UCSB Science Line
Sponge Spicules Nerve Cells Galaxy Abalone Shell Nickel Succinate X-ray Lens Lupine
UCSB Science Line
How it Works
Ask a Question
Search Topics
Our Scientists
Science Links
Contact Information
How does a fire rainbow sit in the sky all bunched up unlike a normal rainbow?
Question Date: 2016-02-18
Answer 1:

The fire rainbow happens because the sun is reflecting off of ice crystals instead of raindrops. Ice has different properties than liquid water when it comes to bending sunlight, and this is seen in the colors that it produces.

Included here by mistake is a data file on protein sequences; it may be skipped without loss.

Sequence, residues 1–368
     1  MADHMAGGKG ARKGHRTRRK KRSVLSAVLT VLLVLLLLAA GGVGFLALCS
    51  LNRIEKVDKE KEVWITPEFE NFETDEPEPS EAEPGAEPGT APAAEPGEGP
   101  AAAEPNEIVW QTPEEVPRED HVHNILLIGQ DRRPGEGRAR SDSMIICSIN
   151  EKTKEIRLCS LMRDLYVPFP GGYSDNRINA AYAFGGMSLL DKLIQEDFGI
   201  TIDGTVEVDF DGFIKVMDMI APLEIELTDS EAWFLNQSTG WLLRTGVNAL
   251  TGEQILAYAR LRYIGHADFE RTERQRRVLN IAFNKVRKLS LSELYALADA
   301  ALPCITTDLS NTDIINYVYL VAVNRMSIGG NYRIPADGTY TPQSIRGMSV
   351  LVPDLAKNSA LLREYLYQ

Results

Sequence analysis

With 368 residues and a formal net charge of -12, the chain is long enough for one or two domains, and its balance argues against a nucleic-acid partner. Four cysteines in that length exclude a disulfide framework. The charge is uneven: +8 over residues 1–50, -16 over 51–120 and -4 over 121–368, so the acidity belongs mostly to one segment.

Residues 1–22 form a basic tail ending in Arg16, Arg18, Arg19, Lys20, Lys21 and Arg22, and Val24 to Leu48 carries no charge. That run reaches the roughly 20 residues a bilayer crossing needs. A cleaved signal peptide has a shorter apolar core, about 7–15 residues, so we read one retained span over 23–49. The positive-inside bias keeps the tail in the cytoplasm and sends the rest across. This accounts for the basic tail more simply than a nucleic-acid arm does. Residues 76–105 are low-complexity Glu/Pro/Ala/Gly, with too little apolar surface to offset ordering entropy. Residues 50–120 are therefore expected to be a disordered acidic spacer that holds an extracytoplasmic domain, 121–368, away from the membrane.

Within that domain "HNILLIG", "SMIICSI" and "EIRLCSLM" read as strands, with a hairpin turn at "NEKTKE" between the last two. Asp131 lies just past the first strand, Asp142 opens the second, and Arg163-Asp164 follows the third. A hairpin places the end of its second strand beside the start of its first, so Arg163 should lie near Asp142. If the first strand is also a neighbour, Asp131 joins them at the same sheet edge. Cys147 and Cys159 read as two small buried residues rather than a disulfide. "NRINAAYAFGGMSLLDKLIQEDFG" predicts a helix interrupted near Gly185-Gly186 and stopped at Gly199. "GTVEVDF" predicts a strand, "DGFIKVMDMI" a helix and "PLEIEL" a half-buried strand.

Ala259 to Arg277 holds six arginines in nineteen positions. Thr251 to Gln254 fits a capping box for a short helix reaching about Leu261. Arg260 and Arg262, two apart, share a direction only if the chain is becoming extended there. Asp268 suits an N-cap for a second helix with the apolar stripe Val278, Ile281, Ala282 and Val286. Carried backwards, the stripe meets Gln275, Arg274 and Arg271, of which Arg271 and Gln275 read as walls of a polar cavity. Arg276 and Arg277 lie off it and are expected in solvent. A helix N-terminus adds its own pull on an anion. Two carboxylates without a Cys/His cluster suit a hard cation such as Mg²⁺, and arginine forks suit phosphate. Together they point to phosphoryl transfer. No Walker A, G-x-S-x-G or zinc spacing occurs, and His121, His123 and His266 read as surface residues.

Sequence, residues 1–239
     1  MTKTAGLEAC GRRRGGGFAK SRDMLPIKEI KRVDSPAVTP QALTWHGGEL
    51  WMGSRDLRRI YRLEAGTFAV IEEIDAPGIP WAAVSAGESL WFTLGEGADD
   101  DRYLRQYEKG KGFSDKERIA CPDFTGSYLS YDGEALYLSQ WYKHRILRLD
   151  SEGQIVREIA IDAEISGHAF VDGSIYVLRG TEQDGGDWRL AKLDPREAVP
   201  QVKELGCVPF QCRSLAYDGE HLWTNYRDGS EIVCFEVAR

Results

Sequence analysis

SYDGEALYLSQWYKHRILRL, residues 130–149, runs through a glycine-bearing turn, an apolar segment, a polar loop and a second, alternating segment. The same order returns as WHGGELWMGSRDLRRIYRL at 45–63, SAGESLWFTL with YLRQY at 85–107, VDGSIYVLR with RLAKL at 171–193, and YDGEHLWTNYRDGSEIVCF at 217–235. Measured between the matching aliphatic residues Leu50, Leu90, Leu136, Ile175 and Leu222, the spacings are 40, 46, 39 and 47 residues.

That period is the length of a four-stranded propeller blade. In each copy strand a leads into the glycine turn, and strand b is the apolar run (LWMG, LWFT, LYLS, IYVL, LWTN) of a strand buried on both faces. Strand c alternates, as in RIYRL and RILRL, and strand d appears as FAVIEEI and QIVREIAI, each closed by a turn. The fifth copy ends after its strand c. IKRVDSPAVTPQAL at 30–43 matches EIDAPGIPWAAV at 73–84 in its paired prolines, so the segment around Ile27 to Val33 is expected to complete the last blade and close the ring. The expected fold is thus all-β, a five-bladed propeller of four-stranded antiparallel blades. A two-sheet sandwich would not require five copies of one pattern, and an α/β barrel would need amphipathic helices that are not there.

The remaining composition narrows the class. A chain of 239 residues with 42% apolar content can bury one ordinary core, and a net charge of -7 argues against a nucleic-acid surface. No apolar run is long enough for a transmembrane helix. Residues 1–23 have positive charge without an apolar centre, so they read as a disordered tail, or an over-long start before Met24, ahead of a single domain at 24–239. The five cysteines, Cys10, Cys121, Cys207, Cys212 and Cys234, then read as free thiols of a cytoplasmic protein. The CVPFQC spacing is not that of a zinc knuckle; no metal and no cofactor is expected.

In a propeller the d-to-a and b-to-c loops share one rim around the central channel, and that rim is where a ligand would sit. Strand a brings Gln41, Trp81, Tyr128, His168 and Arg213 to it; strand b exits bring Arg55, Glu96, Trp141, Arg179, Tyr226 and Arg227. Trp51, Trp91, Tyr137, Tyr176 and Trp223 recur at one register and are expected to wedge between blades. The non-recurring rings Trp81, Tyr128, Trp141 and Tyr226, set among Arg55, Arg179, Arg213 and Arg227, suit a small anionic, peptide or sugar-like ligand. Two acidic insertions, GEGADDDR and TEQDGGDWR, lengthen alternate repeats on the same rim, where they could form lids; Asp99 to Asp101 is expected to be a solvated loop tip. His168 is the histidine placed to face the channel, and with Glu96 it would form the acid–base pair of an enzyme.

The fire rainbow is called circumhorizontal arc, and you can read more about it here

You can also enjoy the following link and learn more about "fire rainbow". Click here to read

Click Here to return to the search form.

University of California, Santa Barbara Materials Research Laboratory National Science Foundation
This program is co-sponsored by the National Science Foundation and UCSB School-University Partnerships
Copyright © 2020 The Regents of the University of California,
All Rights Reserved.
UCSB Terms of Use